Scleroderma is a chronic condition, characterized by excessive production of a protein, collagen, in response to the immune system mistakenly attacking healthy tissues. This leads to fibrosis or the formation of scar tissue, causing the skin to tighten and harden.

In more severe cases, scarring can damage organs in ways that lead to the patient developing one or more scleroderma-related conditions.

These scleroderma-associated comorbidities, and their treatments, are listed below.

Therapies for pulmonary arterial hypertension (PAH)

Pulmonary arterial hypertension (PAH), or high blood pressure in the arteries of the lungs, is a result of the blood vessels narrowing and making it more difficult for blood to flow through the lungs. Typically, this results from the combination of scar tissue building in the arteries, causing them to become smaller and stiffer, and from the damage response that causes blood vessel walls to contract, and the arteries becoming narrower.

Most approved treatments for PAH focus on dilating the arteries to allow for better blood flow. They can be categorized based on the biological pathway they target to dilate blood vessels. These therapies include:

Therapies for kidney problems

Scleroderma can cause serious damage to internal organs, including the kidneys, which if not treated can lead to renal crisis and kidney failure. Kidney problems are normally treated using angiotensin-converting enzyme (ACE) inhibitors. In extreme cases, the patient may require dialysis to filter their blood, or a kidney transplant.

Therapies for muscle and joint problems

Inflammation caused by scleroderma can lead to chronic arthritis-like pain in the muscles, joints, and tendons. Discomfort can be managed by pain-relief medications, such as  Ultram (tramadol). In extreme cases, narcotic/opioid analgesics may be prescribed, including Vicodin (acetaminophen/hydrocodone), Percocet (acetaminophen/oxycodone), and OxyContin (oxycodone hydrochloride). However, these medications can be addictive, and should be prescribed and used with caution.

Medications to reduce inflammation can also help to manage muscle and joint pain. Examples include non-steroidal anti-inflammatory drugs (NSAIDs), such as ibuprofen, COX-2 inhibitors, such as Celebrex (celecoxib), and corticosteroids, such as prednisone and Medrol (methylprednisolone).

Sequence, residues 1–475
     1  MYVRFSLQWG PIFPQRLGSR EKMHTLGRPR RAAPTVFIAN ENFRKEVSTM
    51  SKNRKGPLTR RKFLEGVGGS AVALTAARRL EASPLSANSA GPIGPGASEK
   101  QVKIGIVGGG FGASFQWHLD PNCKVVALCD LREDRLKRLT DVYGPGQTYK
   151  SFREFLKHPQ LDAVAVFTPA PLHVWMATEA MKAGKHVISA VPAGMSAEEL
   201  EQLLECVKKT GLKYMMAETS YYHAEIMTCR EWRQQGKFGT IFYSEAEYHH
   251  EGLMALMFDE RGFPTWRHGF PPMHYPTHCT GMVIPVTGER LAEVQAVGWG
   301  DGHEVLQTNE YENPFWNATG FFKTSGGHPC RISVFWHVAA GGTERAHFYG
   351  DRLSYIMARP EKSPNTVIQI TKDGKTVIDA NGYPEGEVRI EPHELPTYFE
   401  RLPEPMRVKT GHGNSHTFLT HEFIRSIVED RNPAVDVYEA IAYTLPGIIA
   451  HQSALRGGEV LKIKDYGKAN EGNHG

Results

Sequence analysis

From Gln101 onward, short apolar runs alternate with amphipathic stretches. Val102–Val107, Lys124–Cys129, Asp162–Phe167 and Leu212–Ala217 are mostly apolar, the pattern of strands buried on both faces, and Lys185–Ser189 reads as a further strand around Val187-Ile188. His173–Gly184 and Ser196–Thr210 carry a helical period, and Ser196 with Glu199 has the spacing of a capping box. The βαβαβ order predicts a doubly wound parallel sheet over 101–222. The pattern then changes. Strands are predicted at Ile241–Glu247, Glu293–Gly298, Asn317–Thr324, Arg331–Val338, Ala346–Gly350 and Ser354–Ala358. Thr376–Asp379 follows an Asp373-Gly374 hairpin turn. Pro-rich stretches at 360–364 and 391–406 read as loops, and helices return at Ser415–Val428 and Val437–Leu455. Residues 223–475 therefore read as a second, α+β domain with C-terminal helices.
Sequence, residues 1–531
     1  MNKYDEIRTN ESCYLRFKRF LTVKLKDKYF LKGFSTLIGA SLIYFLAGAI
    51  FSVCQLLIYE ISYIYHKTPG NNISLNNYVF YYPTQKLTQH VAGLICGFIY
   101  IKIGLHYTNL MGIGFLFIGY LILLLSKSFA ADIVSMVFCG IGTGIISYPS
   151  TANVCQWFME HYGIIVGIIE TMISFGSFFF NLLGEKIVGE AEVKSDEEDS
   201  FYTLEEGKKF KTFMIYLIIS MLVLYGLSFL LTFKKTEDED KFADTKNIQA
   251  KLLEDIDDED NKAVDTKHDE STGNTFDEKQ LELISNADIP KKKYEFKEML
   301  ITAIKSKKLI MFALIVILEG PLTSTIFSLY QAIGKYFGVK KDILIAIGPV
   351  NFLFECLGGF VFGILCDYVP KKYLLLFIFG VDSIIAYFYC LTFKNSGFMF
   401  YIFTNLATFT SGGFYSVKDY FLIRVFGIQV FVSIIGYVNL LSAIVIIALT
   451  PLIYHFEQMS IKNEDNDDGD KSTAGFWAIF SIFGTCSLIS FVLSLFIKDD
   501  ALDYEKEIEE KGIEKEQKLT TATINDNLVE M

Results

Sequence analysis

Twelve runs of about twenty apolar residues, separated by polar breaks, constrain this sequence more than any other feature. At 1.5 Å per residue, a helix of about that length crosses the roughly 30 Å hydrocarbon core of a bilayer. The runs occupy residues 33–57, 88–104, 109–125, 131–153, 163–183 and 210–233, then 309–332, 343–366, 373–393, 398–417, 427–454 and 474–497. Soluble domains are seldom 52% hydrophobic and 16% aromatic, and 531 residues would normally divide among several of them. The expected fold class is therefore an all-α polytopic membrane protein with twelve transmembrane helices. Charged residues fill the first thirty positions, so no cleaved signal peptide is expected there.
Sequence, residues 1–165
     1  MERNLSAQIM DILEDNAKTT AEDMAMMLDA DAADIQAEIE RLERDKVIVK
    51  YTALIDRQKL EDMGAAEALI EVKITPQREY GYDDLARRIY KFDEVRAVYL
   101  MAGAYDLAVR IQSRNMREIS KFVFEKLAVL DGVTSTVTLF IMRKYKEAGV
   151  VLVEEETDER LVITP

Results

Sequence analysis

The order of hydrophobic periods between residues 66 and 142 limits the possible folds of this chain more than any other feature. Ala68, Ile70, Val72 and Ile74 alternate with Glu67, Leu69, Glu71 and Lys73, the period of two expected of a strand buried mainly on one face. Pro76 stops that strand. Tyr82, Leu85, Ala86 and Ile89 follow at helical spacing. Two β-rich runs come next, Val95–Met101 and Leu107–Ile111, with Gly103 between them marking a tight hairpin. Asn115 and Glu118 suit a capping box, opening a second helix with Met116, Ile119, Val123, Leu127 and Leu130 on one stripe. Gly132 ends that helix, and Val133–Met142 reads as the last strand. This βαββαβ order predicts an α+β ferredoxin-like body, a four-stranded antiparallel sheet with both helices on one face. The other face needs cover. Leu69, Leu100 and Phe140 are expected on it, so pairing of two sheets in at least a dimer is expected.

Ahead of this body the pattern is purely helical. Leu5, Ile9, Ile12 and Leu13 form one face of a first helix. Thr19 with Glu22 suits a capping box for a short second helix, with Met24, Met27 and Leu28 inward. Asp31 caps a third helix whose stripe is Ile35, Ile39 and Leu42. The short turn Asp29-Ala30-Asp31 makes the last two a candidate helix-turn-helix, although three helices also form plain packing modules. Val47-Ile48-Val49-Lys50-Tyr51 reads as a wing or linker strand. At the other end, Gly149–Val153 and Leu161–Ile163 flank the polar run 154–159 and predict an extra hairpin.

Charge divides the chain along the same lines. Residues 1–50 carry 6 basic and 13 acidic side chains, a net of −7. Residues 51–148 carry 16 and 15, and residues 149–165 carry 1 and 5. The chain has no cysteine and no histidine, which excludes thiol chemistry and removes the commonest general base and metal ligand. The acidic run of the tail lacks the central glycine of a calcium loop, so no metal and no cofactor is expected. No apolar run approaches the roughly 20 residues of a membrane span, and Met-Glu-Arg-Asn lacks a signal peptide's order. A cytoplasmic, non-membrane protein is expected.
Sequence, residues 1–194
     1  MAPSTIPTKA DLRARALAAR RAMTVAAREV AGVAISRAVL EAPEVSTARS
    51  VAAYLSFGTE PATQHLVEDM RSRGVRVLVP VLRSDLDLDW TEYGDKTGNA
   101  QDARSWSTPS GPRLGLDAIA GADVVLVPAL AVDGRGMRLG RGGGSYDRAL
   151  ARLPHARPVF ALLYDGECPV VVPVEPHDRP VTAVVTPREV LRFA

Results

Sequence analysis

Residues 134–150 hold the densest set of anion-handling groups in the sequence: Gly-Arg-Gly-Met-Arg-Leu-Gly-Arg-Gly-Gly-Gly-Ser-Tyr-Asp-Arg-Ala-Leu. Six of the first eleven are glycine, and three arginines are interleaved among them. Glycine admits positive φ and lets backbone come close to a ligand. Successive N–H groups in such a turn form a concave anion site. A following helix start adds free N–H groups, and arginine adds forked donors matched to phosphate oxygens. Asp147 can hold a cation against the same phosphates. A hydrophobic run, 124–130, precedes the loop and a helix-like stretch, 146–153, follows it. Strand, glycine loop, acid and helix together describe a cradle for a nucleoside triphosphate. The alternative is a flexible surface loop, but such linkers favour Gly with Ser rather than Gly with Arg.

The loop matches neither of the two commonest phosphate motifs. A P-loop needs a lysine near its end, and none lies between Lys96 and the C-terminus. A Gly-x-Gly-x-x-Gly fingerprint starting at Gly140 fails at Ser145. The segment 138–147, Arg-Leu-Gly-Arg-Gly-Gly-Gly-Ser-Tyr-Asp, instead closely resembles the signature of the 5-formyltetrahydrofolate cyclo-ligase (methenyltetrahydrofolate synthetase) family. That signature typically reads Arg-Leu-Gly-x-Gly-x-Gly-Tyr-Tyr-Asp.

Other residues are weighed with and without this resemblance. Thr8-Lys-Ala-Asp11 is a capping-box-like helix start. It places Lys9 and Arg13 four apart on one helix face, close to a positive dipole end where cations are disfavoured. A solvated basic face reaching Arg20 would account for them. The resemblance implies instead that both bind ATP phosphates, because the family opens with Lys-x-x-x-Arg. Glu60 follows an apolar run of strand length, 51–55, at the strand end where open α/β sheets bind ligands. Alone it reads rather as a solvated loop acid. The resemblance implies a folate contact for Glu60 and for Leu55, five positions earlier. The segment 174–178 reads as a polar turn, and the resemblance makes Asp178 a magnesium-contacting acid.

Therapies for interstitial lung disease (ILD)

Interstitial lung disease (ILD) can develop due to a buildup of scar tissue in the lungs, causing shortness of breath, fatigue, and other problems related to difficulties breathing. Several therapies work to improve lung function in patients with ILD.

These include therapies to suppress the immune system, like CellCept (mycophenolate mofetil), cyclophosphamide, and Imuran (azathioprine), or anti-fibrotic therapies that aim to slow or prevent further scar tissue accumulation, such as Esbriet (pirfenidone) and Ofev (nintedanib).

Therapies for Sjögren’s syndrome

Sjögren’s syndrome affects the glands that produce such fluids as tears and saliva. Various treatment options are available for Sjögren’s syndrome, depending on the glands affected. These include:

  • Eye drops, which can help reduce dryness in the eyes. If inflammation occurs, prescription drops containing steroids may be required.
  • Saliva substitutes or stimulants, which may reduce dryness in the mouth and help with swallowing. However, long-term use can affect dental health and hygiene. These medications include Salagen (pilocarpine) and Evoxac (cevimeline).
  • Vaginal dryness can be treated using lubricants, specialized moisturizers, or hormone replacement therapy.

Therapies for sexual dysfunction

Scleroderma can impact sexual relations and sexual well-being in some cases.

The condition, for example, can lead to erectile dysfunction in men due to problems with blood flow to the penis. This may also be treated with PDE-5 inhibitors, such as those used to treat PAH, and include Viagra (sildenafil), Levitra (vardenafil), Cialis (tadalafil), and Spedra (avanafil).

Lichen sclerosus is a related condition causing fragile, white patches of cracked, sore, and itchy skin around the genitals and anus. It may be treated with a topical corticosteroid cream. Other treatments options may include therapies to suppress the immune system, such as Protopic (tacrolimus) or Elidel (pimecrolimus).

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Scleroderma News is strictly a news and information website about the disease. It does not provide medical advice, diagnosis or treatment. This content is not intended to be a substitute for professional medical advice, diagnosis, or treatment. Always seek the advice of your physician or other qualified health provider with any questions you may have regarding a medical condition. Never disregard professional medical advice or delay in seeking it because of something you have read on this website.